ESMA Publishes Guidance on IFRS Accounting for Effects of New US Tax

The European Securities and Markets Authority (ESMA) has released the public statement, Accounting for Income Tax consequences of the United States Tax Cuts and Jobs Act under IFRS (Public Statement).

European Union (EU) issuers, which include those who are foreign private issuers in the United States or any issuers having material subsidiaries in the United States, have expressed concerns to ESMA about accounting for the effects of the Tax Cuts and Jobs Act (Tax Act) in their statements prepared under International Financial Reporting Standards (IFRS).

The Tax Act is effective as of 1 January 2018. International Accounting Standards (IAS) 12, Income Taxes, requires issuers to measure current and deferred tax assets and liabilities based on tax rates and tax laws that have been enacted or substantively enacted by the end of the reporting period. EU issuers are concerned that they will not be able to complete fully the accounting for the effects of the Tax Act in their 2017 IFRS annual financial statements given the short time period ‘to assess the accounting consequences of the Act and the lack of information on their tax position’.

In the Public Statement, ESMA advises that IAS 12 provides no relief from these provisions, even when a taxing authority substantially adopts complex legislation shortly before year-end. ESMA advises that IAS 12 requires issuers affected by the Tax Act to measure current and deferred taxes based on the newly enacted tax law. The Public Statement notes that ‘IAS 12 requires recognition of current and deferred tax outside profit or loss if the tax relates to items that are recognised, in the same or a different period, outside profit or loss (backward tracing)’.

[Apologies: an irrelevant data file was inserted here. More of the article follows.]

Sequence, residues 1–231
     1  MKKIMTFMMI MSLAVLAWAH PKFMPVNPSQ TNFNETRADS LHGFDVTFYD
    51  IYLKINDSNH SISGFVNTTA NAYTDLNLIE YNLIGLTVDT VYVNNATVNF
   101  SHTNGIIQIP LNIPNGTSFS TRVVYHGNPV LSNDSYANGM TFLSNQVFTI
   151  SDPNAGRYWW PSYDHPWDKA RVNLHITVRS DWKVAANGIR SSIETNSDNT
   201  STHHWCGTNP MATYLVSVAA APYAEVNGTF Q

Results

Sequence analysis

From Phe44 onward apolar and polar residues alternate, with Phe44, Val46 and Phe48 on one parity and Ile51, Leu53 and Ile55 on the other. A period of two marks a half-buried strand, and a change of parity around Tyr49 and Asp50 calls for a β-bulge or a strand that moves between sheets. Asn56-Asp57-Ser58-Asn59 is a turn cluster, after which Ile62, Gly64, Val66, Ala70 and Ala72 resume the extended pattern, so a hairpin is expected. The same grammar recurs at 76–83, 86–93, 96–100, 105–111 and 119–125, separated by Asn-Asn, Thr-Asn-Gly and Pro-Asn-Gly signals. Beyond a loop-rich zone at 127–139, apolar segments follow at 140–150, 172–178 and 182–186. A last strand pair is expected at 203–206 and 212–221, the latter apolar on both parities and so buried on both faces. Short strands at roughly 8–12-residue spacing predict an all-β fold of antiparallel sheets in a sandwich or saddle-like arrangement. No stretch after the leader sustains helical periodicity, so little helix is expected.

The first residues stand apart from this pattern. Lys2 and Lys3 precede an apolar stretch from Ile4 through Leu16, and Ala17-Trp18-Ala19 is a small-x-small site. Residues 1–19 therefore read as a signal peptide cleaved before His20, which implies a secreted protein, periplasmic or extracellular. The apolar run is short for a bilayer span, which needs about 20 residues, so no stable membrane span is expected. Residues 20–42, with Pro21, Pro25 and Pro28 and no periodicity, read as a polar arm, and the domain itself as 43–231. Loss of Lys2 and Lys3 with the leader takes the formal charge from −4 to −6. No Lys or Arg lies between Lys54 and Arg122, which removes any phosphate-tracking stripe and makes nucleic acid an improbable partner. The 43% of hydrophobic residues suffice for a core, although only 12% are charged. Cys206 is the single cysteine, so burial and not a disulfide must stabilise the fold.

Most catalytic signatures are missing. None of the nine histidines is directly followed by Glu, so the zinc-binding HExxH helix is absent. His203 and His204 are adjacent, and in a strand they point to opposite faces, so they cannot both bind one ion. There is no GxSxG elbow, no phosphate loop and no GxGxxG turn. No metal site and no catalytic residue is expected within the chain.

ESMA believes that even though a complete understanding of the effects of the Tax Act will take some time, issuers should be able to ‘make a reasonable estimate of the impact of the material aspects of the Act on their current and deferred tax assets and/or liabilities in their 2017 annual financial statements in line with the [applicable] deadlines’. ESMA also notes that there may be an increased degree of uncertainty in reported amounts, and discusses how issuers may make adjustments in later periods.

The Public Statement is available on the ESMA site on this link.

https://www.esma.europa.eu/sites/default/files/library/public_statement_on_accounting_for_income_tax_consequences_of_the_us_tax_reform_under_ifrs_2.pdf

@ 2018 CCH Incorporated and/or its affiliates. All rights reserved.